The Beat Generation

Fight Club pummels promising premise in ground

This is Norton's movie, no doubt continuing his hot career trajectory (Primal Fear, American History X), and here he is energetic and ridiculous, a perfect tragic clown. Pitt goes a bit hammy with his would-be messianic role, but his adrenaline saves it. As for Bonham Carter, Frankenstein was infinitely worse, but it's still a drag to see her slumming her way through this thing as if she's Christina Ricci's jealous aunt. (Too much Merchant-Ivory, Helena? Or have you already heard that about 5,000 times?) The finest turn here is by rocker/actor Meat Loaf Aday, giving John Lithgow (The World According to Garp) a run for his long-standing title of Best Actor Playing a Transsexual (Accidental or Otherwise) in a Motion Picture.

So all right, is this trendy '90s mire of dissatisfaction finally over? Have we beat the drum of useless fathers and pointless jobs hard enough? (Yeah, it sucks to wear a tie. And?) Can Gen Xers move beyond decay and despair? More to the point, do we have to keep repeating that the only way to feel anything anymore is to experience severe pain?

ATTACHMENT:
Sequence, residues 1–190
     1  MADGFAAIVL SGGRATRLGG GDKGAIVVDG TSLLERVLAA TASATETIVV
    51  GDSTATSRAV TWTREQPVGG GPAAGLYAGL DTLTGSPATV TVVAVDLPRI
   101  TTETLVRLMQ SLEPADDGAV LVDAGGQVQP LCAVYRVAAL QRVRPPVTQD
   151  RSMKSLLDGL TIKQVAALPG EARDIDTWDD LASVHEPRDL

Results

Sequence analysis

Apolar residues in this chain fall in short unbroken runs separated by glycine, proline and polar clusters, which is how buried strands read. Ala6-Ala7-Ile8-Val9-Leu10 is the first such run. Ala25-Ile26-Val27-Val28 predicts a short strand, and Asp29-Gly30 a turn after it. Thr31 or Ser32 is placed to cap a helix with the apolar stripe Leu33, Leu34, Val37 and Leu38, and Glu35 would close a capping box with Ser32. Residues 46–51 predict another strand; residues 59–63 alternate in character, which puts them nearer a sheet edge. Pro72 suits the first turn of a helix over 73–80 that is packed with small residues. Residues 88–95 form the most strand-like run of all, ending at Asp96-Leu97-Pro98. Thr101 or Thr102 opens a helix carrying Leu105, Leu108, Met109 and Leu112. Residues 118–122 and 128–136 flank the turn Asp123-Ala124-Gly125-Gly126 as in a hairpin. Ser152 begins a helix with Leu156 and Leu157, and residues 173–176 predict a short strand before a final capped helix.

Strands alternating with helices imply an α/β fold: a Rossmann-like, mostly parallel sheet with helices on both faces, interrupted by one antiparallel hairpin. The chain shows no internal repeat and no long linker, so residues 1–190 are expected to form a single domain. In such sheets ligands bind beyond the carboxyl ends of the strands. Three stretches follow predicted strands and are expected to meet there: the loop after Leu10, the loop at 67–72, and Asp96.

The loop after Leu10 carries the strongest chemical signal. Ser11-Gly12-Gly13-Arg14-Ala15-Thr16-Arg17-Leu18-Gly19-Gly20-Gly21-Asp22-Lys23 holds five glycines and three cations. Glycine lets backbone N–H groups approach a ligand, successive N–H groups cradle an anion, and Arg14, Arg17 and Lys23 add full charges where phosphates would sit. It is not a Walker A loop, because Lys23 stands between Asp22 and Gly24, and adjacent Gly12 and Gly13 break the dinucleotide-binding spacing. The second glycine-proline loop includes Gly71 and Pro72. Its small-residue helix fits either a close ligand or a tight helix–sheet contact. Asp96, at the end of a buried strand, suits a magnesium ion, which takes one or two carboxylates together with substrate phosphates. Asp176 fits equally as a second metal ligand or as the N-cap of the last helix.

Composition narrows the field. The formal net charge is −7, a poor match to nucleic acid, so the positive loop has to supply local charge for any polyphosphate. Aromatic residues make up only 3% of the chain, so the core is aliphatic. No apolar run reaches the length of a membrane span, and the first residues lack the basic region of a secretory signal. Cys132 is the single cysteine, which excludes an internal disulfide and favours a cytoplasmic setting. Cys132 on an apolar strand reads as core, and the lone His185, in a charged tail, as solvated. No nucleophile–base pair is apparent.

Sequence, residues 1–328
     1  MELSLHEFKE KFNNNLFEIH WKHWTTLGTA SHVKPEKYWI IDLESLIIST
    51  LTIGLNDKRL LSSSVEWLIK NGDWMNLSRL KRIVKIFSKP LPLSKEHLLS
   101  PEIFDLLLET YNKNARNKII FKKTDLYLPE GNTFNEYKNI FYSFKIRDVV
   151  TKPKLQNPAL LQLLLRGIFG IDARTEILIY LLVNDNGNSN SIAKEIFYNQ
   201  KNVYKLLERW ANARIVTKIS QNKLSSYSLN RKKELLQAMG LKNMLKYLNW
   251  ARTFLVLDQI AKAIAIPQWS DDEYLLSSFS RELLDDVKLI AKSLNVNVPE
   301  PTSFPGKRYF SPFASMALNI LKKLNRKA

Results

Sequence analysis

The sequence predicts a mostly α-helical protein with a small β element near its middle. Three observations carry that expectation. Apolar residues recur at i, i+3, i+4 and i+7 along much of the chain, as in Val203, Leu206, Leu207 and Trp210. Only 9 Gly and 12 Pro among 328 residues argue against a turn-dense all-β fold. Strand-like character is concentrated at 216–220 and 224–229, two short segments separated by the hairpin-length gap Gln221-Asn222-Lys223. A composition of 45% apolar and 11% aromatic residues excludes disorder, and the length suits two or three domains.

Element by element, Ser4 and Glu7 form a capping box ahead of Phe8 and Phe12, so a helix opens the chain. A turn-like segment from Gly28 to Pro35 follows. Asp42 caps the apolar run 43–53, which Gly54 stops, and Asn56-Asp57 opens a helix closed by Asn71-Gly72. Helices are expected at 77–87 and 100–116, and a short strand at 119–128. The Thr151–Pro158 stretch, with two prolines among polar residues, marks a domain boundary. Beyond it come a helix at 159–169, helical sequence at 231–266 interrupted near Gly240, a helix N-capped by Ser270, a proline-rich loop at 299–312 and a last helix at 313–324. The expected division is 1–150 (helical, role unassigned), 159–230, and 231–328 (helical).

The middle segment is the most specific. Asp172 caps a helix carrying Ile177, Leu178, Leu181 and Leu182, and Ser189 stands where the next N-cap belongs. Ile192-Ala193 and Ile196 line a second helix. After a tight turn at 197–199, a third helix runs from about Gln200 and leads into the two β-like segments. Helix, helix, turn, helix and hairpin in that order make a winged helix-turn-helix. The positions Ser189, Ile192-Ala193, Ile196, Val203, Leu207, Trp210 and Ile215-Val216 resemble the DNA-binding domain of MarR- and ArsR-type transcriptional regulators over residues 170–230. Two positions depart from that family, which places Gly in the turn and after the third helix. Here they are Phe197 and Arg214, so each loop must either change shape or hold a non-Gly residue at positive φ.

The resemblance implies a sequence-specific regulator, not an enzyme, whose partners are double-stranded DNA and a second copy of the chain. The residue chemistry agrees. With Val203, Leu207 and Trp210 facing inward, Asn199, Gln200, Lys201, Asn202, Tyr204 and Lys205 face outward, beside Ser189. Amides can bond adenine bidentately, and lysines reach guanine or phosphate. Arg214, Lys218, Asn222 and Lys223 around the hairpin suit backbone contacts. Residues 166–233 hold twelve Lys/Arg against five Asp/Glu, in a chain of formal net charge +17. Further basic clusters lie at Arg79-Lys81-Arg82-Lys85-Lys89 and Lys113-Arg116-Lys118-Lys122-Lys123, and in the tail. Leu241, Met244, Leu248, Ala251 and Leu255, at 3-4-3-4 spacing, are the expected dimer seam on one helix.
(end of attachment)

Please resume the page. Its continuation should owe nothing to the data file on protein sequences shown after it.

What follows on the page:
Shiner syndrome: Edward Norton in Fight Club.
Merrick Morton
Shiner syndrome: Edward Norton in Fight Club.


Rated R.

If our culture is based on hideous lies, then catharsis is indeed part of the antidote, but are we really expected to buy dumb degradation as transcendence? What's disappointing about Fight Club (and other Fincher movies) is its unyielding focus on disintegration; to work, there must be something besides hollow nothingness under all the destruction. "Artists" like Fincher (or parallel goofball Reznor) may wish to consider getting over themselves sometime in the near future, for bludgeoning us with disintegration becomes tedious and predictable, prompting a quote straight from Norton's dialogue: "I am Jack's complete lack of surprise."

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